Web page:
There really should be a charging/docking station for a camera at this price point. And there is! Except it is over £50, yes it has a cool feature that lets you view the photos on your HDTV, but we should not have to spend so much money just to get a decent charging set up.
Photo and Movie Quality
Like I said, there are plenty of sources for checking the picture quality of various cameras. I would summerise by saying that indoors can be a bit iffy, I've had some quite grainy results indoors, but outdoors you can achieve some stunning photos that will quite happily be printed out on large photo paper and still look fantastic.
The movies are pretty good. With compacts it is quite usual to see low frame rates that make the movie replay a little bit juddery or blocky if there is a lot going on, but with the W300 the movies are perfectly acceptable.
To finish on a positive note, the bundled software for transferring your photos is really very good. The photo transfer is fast, and the software is instinctive to use and has some neat options. For example there's a slider that changes the size of the photo thumbnails for easier, or quicker, viewing.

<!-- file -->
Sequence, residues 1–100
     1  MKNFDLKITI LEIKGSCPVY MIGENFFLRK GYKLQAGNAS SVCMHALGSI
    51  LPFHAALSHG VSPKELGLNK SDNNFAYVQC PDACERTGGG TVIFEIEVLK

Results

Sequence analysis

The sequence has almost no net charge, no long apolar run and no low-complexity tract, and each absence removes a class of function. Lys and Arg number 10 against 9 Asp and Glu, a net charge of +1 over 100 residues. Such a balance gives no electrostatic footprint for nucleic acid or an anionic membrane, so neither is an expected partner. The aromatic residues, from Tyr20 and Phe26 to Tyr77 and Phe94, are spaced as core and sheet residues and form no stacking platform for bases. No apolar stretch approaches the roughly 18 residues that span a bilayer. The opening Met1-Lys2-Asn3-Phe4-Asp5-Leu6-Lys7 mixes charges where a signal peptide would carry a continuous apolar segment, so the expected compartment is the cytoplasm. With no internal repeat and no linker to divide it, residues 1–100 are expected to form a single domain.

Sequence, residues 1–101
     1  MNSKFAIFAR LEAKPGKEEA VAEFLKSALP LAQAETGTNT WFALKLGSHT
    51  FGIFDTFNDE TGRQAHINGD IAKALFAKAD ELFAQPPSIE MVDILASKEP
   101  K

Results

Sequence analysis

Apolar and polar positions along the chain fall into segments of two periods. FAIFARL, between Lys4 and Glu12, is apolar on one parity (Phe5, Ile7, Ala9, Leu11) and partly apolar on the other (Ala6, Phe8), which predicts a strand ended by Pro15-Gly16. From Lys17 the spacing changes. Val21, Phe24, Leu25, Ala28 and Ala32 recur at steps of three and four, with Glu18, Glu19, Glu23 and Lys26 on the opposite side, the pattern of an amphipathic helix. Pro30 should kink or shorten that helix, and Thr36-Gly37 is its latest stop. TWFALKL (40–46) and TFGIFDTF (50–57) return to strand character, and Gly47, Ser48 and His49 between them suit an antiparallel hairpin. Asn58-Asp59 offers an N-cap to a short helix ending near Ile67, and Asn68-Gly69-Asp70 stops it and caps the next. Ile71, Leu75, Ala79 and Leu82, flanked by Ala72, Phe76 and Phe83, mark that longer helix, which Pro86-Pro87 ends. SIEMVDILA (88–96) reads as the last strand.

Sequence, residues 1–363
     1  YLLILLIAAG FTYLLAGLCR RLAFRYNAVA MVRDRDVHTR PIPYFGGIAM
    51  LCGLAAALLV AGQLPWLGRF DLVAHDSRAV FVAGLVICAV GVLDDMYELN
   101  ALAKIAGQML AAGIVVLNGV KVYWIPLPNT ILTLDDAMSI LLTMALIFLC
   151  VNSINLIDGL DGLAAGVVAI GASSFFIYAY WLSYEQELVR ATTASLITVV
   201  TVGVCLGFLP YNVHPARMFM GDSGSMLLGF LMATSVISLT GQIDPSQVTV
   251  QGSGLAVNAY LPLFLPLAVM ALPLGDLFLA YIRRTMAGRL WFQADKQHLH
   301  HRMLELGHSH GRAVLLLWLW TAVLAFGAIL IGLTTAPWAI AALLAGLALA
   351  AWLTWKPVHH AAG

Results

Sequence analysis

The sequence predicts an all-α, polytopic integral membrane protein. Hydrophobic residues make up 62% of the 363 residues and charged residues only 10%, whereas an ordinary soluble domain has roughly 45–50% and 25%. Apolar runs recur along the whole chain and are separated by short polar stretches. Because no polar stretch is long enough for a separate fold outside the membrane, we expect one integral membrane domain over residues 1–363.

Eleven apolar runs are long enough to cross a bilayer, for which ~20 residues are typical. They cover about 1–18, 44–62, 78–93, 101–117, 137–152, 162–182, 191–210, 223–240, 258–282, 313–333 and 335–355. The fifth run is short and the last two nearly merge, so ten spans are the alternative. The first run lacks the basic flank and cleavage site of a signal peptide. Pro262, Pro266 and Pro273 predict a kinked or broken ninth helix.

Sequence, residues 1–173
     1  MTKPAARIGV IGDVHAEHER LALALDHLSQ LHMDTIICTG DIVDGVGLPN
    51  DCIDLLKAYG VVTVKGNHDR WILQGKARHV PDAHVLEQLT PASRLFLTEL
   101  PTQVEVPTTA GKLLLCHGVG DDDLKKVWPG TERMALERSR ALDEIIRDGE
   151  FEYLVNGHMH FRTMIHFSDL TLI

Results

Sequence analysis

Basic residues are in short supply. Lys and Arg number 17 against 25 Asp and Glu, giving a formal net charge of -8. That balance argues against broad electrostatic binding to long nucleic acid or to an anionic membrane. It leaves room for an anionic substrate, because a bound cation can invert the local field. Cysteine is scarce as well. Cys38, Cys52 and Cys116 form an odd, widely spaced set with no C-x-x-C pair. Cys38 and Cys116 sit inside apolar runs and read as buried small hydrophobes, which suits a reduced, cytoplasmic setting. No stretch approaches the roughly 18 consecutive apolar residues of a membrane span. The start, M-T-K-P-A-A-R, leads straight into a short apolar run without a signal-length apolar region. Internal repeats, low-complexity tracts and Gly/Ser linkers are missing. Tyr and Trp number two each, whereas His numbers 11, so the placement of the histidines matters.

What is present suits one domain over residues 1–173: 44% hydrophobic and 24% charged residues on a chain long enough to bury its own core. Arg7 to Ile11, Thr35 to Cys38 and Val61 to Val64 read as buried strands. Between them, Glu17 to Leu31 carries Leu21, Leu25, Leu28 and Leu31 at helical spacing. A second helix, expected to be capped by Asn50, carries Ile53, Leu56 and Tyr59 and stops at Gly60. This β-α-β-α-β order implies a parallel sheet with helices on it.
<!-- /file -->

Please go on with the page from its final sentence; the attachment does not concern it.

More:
It's true that you should never focus on the megapixel count when choosing a new camera, but with the W300 you get an amazing 13.6 megapixel, a great lens, and superb Sony build. If only they had thought out the battery charging system it would be a no brainer.
This point and shoot has it all - and then some. The DSC-W300 includes a wide range of convenient features, including Smile Shutter Mode which captures smiles the moment they happen. The compact and scratch-resistant titanium-coated body features an astounding 13.6 megapixel resolution, 2.7" Clear Photo LCD display, Carl Zeiss 3x optical zoom lens, and Sony's Double Anti-Blur solution for crisp, clear images. In addition, it has Face Detection technology that optimizes flash, focus, exposure and color for up to eight faces, as well as Intelligent Scene Recognition that automatically detects five different types of scenes and takes a picture with the optimal camera settings.